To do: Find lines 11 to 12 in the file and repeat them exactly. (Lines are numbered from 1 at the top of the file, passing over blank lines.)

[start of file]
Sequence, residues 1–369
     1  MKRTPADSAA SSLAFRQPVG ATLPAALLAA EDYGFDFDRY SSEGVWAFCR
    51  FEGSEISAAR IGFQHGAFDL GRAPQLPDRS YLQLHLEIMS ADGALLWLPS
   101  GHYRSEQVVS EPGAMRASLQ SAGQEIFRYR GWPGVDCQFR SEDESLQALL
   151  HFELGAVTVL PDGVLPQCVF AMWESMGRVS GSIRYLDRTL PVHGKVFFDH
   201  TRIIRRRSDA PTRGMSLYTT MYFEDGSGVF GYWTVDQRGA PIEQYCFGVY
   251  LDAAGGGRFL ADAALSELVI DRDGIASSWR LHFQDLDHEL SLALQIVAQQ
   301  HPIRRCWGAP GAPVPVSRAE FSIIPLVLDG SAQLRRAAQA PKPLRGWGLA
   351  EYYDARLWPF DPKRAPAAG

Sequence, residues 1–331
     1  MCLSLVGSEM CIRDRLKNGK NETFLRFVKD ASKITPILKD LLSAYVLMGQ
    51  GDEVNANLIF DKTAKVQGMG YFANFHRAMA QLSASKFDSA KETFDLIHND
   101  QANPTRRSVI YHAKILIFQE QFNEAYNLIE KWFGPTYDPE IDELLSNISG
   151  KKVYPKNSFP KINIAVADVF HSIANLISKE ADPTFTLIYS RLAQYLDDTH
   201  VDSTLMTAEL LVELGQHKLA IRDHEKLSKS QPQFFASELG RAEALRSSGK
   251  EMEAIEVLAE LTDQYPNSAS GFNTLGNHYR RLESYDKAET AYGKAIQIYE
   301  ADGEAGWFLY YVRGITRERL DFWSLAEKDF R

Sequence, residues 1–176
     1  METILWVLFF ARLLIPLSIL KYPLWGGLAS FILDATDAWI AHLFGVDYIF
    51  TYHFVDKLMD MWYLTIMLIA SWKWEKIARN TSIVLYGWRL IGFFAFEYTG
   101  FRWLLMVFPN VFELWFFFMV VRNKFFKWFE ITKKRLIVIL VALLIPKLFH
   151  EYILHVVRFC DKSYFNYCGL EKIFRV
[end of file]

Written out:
     1  MCLSLVGSEM CIRDRLKNGK NETFLRFVKD ASKITPILKD LLSAYVLMGQ
    51  GDEVNANLIF DKTAKVQGMG YFANFHRAMA QLSASKFDSA KETFDLIHND